Middle East plastic pipe market to see rapid growth to 2020
Geberit has been coming up with innovative piping products every year, says Louise Pitt, marketing & CRM manager
The Middle East plastic pipe market was estimated at 1.1 million tonnes in 2014 and is expected to grow with a CAGR of 6% in the next five years to reach 1.6 million tonnes in 2020.
Water supply and sewage (drainage) are the major applications of plastic pipes, constitute together more than 50% share of the Middle East plastic pipe market.
When talking about the plumbing market, Louise Pitt, marketing & CRM manager, Geberit Gulf Regional Office Dubai, says: “With numerous mega projects and the sheer volume of residential projects either being planned or currently under construction, the market is quiet buoyant. With the price of oil edging up and the strategic initiatives being set in motion by governments across the region, the market is optimistic.”
According to a study, polyvinyl chloride (PVC) pipes alone accounts for more than 50% share in Middle East plastic pipe market in 2014, followed by polyethylene (PE), and others. However, high-density polyethylene (HDPE) has been catching a lot of attention. Pitt says: “Our clients understand and appreciate HDPE as a material and the advantages that come with it are ease of installation, easy maintenance and a long life cycle.”
The right pipe
Pitt claims that Geberit’s HDPE pipes prove their superiority against PVC in every project as they are innovative, durable, eco-efficient and offer considerable benefits as sustainable solutions. She says: “It is not economical to try to cut costs with the use of sub-standard products that require constant maintenance and/or early renovations.
"Problems arising from cheap piping material and the wrong connection technology often leads to problems in the drainage system of the buildings and it is clearly understood that sometimes a cheap price tag can lead to poor quality products.”
Pitt says that soon after construction is done with such sub-standard products, the pipes will start to leak, and bathrooms stink and toilets may not flush properly.
Demand in the region is growing for siphonic roof drainage. Conventional roof drainage systems rely on gravity and water’s ability to spread out and flow to the lowest point – channelling from the roof down through the gutter, outlets and downpipes to the ground below.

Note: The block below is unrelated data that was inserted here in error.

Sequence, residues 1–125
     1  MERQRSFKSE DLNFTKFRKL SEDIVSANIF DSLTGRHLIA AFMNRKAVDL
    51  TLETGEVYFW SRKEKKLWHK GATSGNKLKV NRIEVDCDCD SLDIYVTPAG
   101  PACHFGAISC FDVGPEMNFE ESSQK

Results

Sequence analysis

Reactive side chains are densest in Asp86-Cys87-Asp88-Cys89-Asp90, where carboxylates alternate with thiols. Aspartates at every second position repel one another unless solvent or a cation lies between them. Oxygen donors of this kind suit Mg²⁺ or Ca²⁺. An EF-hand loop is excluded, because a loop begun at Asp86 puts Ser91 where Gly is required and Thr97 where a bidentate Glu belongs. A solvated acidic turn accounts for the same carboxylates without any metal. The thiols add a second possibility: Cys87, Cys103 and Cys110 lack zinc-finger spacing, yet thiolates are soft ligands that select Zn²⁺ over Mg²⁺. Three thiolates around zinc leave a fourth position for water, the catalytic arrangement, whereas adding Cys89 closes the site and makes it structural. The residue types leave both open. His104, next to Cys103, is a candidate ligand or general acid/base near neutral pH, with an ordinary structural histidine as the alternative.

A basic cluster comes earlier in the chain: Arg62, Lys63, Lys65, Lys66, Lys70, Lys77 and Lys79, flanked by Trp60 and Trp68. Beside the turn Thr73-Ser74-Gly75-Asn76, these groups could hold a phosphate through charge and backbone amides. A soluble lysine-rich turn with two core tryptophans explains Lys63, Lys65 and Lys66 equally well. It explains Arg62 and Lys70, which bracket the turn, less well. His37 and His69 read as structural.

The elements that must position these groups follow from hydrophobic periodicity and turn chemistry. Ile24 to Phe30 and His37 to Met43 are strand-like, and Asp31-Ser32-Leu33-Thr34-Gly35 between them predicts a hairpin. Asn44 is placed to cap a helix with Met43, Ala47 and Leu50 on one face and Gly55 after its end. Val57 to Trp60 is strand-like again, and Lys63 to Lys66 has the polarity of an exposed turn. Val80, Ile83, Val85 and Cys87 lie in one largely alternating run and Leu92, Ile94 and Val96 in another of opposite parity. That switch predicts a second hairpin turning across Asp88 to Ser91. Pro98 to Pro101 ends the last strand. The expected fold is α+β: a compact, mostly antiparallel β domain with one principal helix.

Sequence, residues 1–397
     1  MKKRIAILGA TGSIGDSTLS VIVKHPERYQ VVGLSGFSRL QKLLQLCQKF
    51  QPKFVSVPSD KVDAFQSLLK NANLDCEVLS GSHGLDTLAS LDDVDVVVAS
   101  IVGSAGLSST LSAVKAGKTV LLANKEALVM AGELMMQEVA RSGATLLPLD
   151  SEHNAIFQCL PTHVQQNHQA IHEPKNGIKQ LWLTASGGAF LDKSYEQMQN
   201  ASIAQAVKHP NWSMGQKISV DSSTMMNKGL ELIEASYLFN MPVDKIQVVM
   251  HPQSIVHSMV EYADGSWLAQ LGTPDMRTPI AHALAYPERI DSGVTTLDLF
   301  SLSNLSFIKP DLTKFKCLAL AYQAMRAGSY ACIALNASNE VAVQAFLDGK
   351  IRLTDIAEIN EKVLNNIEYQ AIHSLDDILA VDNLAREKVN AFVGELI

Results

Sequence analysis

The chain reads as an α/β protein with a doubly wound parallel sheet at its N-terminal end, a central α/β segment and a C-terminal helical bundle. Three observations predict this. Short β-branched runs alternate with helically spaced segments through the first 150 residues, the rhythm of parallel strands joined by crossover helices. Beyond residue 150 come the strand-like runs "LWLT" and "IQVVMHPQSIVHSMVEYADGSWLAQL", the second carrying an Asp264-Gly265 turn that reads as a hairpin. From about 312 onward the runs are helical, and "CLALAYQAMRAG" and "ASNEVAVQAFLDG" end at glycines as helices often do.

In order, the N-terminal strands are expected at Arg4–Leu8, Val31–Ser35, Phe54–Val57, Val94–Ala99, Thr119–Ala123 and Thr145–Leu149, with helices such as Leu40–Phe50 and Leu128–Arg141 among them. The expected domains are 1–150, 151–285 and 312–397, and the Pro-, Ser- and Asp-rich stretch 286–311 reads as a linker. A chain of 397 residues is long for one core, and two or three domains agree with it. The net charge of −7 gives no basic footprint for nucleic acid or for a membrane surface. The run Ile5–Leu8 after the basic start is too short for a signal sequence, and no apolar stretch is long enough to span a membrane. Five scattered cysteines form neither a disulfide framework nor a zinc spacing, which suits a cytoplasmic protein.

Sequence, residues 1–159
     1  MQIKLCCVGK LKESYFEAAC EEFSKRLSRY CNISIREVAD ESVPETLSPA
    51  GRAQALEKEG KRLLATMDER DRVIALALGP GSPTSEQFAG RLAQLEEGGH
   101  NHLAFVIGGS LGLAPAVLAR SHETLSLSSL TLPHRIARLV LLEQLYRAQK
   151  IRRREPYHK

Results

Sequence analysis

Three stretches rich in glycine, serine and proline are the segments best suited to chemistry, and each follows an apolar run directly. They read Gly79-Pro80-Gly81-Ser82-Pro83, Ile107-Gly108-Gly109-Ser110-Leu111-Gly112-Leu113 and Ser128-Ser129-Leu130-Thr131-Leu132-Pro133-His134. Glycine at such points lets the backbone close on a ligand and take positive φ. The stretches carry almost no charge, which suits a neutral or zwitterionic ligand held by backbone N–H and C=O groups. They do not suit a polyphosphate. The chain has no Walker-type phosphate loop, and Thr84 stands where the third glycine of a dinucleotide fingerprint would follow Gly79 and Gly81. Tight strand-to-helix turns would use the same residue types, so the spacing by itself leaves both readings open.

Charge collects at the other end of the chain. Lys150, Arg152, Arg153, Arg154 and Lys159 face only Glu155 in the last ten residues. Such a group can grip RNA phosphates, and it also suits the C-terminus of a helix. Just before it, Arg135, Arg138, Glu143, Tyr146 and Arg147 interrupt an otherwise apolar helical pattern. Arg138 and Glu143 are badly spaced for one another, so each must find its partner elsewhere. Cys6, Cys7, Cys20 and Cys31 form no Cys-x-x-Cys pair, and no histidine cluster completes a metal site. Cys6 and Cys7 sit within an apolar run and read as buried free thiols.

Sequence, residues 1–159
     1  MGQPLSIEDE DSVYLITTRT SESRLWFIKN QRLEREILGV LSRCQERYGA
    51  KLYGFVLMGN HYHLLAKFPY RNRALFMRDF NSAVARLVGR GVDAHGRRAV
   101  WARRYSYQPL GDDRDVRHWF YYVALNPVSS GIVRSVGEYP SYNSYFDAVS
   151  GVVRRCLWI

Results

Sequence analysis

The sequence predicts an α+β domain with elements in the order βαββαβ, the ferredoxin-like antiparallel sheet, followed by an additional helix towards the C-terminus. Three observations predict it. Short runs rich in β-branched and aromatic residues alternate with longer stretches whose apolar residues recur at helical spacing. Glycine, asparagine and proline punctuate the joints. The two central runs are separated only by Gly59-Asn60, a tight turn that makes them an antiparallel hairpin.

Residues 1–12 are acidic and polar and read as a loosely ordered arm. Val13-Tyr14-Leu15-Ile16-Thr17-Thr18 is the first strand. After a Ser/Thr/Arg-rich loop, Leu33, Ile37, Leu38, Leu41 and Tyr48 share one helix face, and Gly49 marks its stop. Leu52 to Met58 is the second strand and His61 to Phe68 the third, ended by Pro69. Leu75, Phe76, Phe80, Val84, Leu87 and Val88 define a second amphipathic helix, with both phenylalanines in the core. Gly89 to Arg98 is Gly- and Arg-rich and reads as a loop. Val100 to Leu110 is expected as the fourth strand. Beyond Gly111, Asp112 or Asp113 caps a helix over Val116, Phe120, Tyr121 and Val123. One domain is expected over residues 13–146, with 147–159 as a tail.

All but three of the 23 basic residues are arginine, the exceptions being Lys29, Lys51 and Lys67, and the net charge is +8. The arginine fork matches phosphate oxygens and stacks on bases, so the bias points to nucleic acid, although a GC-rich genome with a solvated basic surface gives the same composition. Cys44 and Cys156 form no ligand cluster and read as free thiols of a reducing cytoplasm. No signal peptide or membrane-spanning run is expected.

As water enters the downpipe, air is also drawn in and this significantly reduces the drainage capacity, making it less efficient. Additionally, gutters tend to get clogged with debris. Blocked pipes and gutters cause the water to stagnate on the roof, which then may cause damage to the roof, at the very least.
By contrast, a siphonic roof drainage system contains an anti-vortex plate that acts as a restrain and prevents air and debris from entering the piping system at full flow, allowing the pipes to completely fill up with water.
The water is sucked or siphoned from the roof down into the drain at high velocity. The lack of air and the downward pull of the water creates a vacuum, making the drainage process fast and efficient.
Pitt says that Geberit has been perfecting the technology behind its Pluvia siphonic roof drainage system since the 1980s.
“Every year Geberit introduces new innovative solutions to their existing products ranges and 2017 was no exception,” Pitt says. “With cost as a priority, savings in construction by installing fewer stacks is of great interest.
The flow-optimised Geberit Sovent fittings facilitate a cost-effective configuration of stacks in high-rise buildings and take care of pressure compensation in discharge stacks, producing a continuous column of air in the stack.
In doing so, they increase the capacity of the stacks and eliminate the need to install a parallel ventilating pipe and the stacks can be smaller in dimension in many cases, which leads to substantial cost savings in terms of both material and labour. Less space required and less materials.”
The other issue Pitt says is that waste water could generate unwanted noise and sometimes waste water noise is neglected in planning with installation elements placed in direct contact with walls and floors and drainage pipes.
She says: “Geberit’s two sound-insulated piping systems – the sound-optimised Geberit Silent-PP and the sound-absorbing Geberit Silent-db20 – can be combined together for optimal results in keeping noise to a minimum.
In multi-storey residential buildings, Silent-PP has proven itself in the inexpensive connection of washbasins, showers and toilets to the discharge stack. From here, the Silent-db20 then comes to the fore. When used together, plumbers can achieve an optimal cost-benefit ratio.”